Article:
[¶9] Mr. Mitchell did not appear for the custody trial and the district court found him in default.[3] On February 23, 2015, the district court awarded primary custody to AP, and required the parties to keep each other informed of their addresses and telephone numbers, inter alia (February 2015 custody order). The district court emailed a copy of the custody order to Mr. Mitchell. Mr. Mitchell nevertheless refused to relinquish custody of EP and, on April 6, 2015, the district court issued a nunc pro tunc bench warrant for his arrest.[4]

         [¶10] AP also sought assistance from the Sheridan police department. After receiving the police report, the State prepared a criminal information on April 13, 2015, charging Mr. Mitchell with one count of felony interference with custody, in violation of Wyo. Stat. Ann. § 6-2-204(a)(ii), (d)-(e). The circuit court issued a criminal warrant for his arrest that same day.

         [¶11] After learning of the warrants for his arrest through social media, Mr. Mitchell contacted AP and stated he was willing to let AP see EP, but only if AP would agree to a new custody order. Eager to reconnect with her daughter, AP agreed to Mr. Mitchell's proposed custody and visitation terms, which were almost identical to those she agreed to, and the court ordered in 2013. AP and Mr. Mitchell discussed arrangements for AP to visit EP on the weekend of July 4, 2015. Although AP agreed to meet Mr. Mitchell on the reservation, outside of the reach of the arrest warrants, Mr. Mitchell became suspicious of AP, alleging she was playing games, using the meeting as a ruse, and trying to get him in trouble. The visitation never occurred and Mr. Mitchell refused to sign the parenting plan he proposed.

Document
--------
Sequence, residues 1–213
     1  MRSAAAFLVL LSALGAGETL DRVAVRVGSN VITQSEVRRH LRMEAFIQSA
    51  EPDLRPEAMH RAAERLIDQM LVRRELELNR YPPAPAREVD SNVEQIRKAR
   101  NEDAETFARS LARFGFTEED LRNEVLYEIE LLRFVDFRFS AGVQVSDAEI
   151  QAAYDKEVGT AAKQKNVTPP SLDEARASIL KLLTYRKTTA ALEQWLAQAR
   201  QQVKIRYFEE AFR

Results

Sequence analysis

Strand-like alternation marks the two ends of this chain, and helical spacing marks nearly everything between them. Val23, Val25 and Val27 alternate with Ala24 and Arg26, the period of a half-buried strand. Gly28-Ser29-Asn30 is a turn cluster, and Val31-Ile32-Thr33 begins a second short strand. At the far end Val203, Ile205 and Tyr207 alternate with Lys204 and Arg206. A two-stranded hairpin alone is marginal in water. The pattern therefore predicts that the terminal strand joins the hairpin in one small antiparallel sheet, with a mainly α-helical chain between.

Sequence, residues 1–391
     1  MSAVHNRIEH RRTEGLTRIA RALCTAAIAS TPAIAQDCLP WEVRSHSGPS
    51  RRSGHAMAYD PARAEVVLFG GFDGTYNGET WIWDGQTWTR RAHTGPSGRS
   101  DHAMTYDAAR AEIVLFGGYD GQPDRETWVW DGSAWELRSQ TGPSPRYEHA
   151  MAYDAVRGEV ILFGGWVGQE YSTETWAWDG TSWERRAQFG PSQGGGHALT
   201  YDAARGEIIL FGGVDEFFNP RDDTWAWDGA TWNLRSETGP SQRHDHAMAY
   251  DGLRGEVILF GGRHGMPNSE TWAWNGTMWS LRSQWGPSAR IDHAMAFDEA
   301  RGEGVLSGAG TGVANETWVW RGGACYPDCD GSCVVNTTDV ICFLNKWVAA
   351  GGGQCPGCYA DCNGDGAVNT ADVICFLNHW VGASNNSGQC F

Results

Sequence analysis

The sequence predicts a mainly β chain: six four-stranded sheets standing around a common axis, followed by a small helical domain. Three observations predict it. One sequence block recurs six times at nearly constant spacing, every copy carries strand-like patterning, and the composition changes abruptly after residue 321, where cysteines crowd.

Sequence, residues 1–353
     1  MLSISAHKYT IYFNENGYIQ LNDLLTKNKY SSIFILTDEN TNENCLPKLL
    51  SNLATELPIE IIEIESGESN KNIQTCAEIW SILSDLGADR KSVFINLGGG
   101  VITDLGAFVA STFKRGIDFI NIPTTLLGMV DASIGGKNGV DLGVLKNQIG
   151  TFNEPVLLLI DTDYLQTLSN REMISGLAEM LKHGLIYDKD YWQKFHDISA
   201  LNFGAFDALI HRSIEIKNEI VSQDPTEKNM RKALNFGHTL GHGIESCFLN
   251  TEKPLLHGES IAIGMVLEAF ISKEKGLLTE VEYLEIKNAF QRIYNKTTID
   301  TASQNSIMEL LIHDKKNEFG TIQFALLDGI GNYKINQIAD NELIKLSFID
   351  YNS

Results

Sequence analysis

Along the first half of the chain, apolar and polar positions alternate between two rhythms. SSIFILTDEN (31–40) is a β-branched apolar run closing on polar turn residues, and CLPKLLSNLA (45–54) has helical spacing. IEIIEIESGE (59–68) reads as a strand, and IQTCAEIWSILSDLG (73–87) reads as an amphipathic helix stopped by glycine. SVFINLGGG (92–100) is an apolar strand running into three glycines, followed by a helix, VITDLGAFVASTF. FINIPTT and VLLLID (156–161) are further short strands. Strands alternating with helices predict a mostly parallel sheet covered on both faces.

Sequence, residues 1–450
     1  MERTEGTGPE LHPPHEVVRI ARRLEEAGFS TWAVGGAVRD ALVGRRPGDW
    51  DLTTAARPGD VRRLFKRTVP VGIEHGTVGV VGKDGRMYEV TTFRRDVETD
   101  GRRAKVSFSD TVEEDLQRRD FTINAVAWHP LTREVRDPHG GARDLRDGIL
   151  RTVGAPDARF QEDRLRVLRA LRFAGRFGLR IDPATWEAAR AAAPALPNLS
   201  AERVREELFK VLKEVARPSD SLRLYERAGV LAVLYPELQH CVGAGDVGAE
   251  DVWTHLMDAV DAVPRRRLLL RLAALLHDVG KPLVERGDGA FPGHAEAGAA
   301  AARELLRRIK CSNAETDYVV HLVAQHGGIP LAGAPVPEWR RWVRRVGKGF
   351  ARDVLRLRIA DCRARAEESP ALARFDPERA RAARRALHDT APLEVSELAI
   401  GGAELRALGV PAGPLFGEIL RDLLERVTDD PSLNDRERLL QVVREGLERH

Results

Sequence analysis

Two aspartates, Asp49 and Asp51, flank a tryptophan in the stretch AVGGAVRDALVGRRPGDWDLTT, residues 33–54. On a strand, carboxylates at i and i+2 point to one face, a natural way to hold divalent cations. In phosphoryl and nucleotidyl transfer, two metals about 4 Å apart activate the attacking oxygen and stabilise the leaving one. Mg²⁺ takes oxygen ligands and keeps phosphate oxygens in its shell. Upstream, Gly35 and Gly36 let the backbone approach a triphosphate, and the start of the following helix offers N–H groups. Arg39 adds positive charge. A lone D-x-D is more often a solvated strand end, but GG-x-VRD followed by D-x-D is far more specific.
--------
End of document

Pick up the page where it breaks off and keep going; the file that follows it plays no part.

[¶12] A year later, in July 2016, Mr. Mitchell, pro se, filed a motion requesting the district court relinquish jurisdiction to the tribal court. When he did not obtain the relief he desired, he turned himself in to the Weston County Sheriff in October 2016-a year and a half after the civil and criminal warrants issued. He did not relinquish custody of EP. Mr. Mitchell was transported to the Sheridan County Detention Center where he was detained on both warrants.

         [¶13] On October 17, 2016, Mr. Mitchell first appeared in district court on the civil bench warrant. The district court held Mr. Mitchell in civil contempt and ordered confinement until he complied with the February 2015 custody order by relinquishing custody of EP.

         [¶14] Later that day, Mr. Mitchell appeared in circuit court on the criminal warrant. The circuit court set cash-only bail at $100, 000 and noted it would readdress bond after receiving proof EP has been returned to Sheridan County and/or the custodial parent. The circuit court held a preliminary hearing and bound Mr. Mitchell over to district court where he was arraigned on November 1, 2016. Mr. Mitchell pled not guilty and requested a bond reduction, which the district court denied. The Honorable John G. Fenn, who oversaw the custody proceedings and Mr. Mitchell's arraignment, reassigned the case to the Honorable William J. Edelman for the remainder of the criminal proceedings. Mr. Mitchell requested another bond reduction, which Judge Edelman denied.